Millions of HIV-positive people in the world's poorest countries, particularly in Africa and Asia, will die if donors worldwide downsize funding because of the global financial crisis, UNAIDS Executive Director Peter Piot said on Wednesday, Reuters reports. "If we interrupt (funding) even for six months or a year, it will result in millions of deaths," Piot said, adding, "If we interrupt these activities, we will have to pay later as more people will become infected."
In what could be a major medical breakthrough, or a once-in-a-lifetime occurrence, a 42-year-old American man was cured of AIDS after receiving a bone marrow transplant in Berlin, Germany two years ago. The transplant was performed as part of a treatment for his leukemia.
The Angolan government will carry out an HIV awareness campaign and provide no-cost HIV testing and treatment in an effort to prevent the spread of the virus in the country, which has been largely unaffected by the disease because of a 27-year civil war that prevented travel in and out of the country, Reuters reports.
A recent government report -- titled Social Protection and Ageing in Malawi and conducted by Zifa Kazeze, formerly of the United Nations Economic Commission for Africa -- says that Malawi's elderly population is seeing less care and support from their children and communities as the impact of HIV/AIDS and a weakening economy changes family structures in the country, IRIN News reports. The government plans to release social grants to address this growing burden on the elderly population.
HIV prevention efforts in Namibia should "put more emphasis" on changing behavior and reducing HIV-associated stigma and discrimination, Namibian Health Minister Richard Kamwi said recently at a one-day meeting on the National HIV/AIDS Prevention Strategy in the Namibian capital of Windhoek, The Namibian/AllAfrica.com reports.
The New York Times recently examined HIV/AIDS among U.S. residents older than age 50. HIV-positive people are living longer as the virus has become more manageable; however, HIV is "more aggressive" in older people because the immune system begins to deteriorate naturally as people age, according to the Times.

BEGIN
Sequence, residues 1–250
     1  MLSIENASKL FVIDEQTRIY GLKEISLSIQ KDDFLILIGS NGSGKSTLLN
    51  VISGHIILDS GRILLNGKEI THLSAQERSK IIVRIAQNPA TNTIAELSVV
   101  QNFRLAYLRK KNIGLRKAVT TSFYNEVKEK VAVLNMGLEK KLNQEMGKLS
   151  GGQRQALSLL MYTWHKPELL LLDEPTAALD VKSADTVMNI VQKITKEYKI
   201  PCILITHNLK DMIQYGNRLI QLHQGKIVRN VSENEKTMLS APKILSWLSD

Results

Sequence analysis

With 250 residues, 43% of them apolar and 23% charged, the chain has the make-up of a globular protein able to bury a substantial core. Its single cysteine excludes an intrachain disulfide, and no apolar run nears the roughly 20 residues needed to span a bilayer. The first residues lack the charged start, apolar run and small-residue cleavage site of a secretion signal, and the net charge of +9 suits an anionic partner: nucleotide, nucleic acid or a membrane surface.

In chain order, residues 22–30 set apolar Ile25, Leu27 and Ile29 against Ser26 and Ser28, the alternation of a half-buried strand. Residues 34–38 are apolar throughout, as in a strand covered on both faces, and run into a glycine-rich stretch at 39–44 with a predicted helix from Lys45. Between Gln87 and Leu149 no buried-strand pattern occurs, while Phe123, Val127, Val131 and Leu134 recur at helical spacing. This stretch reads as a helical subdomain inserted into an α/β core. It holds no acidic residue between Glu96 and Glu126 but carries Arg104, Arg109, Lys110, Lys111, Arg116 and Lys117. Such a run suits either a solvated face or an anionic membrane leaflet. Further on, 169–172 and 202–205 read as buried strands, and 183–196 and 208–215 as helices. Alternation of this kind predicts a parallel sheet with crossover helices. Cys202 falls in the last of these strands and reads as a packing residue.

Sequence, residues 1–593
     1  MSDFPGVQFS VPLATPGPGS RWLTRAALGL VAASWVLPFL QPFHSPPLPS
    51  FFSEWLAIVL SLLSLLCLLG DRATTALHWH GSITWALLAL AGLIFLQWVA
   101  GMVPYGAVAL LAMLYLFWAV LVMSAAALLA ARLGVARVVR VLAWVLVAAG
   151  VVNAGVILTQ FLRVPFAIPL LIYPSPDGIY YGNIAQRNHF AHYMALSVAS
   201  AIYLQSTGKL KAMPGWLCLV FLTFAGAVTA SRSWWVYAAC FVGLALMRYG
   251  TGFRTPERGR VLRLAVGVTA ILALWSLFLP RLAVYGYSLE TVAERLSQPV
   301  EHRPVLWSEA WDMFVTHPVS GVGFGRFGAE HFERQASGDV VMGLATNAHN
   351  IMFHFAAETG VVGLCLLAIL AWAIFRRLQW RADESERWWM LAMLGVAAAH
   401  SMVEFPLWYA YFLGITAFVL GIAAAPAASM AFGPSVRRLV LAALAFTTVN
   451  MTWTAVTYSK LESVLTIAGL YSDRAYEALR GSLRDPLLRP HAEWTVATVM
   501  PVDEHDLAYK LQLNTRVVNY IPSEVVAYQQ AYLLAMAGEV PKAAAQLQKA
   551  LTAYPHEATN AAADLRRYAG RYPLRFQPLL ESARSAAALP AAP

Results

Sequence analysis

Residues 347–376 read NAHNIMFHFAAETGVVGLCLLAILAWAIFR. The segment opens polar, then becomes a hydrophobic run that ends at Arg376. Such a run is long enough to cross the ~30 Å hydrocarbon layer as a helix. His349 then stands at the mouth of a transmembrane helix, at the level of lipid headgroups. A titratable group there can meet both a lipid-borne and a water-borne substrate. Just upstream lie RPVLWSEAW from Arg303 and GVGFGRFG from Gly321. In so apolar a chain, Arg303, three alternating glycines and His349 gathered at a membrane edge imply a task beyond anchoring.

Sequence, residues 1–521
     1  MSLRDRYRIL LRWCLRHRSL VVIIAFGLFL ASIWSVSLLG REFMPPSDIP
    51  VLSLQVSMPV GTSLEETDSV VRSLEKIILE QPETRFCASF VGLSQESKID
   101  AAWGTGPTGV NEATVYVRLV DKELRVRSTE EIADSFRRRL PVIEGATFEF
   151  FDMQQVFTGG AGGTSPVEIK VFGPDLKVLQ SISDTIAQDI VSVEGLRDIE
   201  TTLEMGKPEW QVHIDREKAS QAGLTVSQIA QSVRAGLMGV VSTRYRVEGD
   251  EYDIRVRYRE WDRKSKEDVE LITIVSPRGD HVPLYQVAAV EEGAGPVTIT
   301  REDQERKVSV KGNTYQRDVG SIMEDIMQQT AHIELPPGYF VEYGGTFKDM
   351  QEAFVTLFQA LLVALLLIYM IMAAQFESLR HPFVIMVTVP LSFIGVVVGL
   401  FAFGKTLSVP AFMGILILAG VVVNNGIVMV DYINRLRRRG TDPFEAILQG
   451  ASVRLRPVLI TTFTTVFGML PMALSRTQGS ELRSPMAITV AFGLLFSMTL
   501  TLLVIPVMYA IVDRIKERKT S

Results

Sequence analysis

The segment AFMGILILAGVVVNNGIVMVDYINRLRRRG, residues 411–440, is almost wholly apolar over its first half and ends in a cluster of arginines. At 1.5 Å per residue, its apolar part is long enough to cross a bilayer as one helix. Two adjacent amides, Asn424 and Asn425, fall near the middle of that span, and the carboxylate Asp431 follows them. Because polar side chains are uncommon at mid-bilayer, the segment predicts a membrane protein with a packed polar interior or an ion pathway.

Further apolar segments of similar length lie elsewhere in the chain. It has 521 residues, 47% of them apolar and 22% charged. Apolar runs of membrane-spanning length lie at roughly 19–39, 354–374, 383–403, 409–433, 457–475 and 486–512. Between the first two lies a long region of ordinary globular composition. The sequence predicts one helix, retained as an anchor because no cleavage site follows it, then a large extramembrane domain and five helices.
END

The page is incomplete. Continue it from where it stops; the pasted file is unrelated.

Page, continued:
Researchers at the University of Toronto and the University of California, San Francisco, have revealed new hope for HIV treatment with the discovery of a way to 'rescue' immune cells that are exhausted from fighting off HIV infection.
Hispanics in Los Angeles County are waiting about twice as long to seek HIV testing and treatment as whites, leading to increased HIV prevalence among Hispanics, the San Gabriel Valley Tribune reports. According to the Tribune, 60% of HIV cases among Hispanics in the county are detected "very late," compared with 33% among whites.
"Six months is a long time to wait if you're fighting a disease like HIV/AIDS or if you are an agency that works to help those patients," a New Orleans Times-Picayune editorial says in response to the recent announcement that the distribution of $7 million in Ryan White Program funding to city HIV/AIDS agencies has been delayed by six months (New Orleans Times-Picayune, 11/10). Fran Lawless, director of Mayor Ray Nagin's Office of Health Care Policy, made the announcement at a city council meeting on Oct. 30.
The New York Times on Sunday examined the impact of last month's announcement that as many as 50 students from Normandy High School in Missouri might have been exposed to HIV. Officials at the St. Louis' high school sent a letter to the parents and guardians of its students on Oct. 13, which said while the St. Louis County Department of Health was investigating an HIV case, it had reason to believe that some students at the school might have been exposed to HIV.
Researchers at the University of Pennsylvania School of Medicine and colleagues in the United Kingdom have engineered T cells able to recognize HIV-1 strains that have evaded the immune system. The findings of the study, published online in the journal Nature Medicine, have important implications for developing new treatments for HIV, especially for patients with chronic infection who fail to respond to antiretroviral regimens.
A Walgreens pharmacy in Indianapolis is reaching out to HIV-positive people by offering specialized services and care, the Indianapolis Star reports. The store is staffed with a pharmacist trained in HIV/AIDS care and reflects Walgreen's "new strategy of providing customized services to those with certain diseases," according to the Star. In addition, all of the pharmacists at the store have received HIV/AIDS training.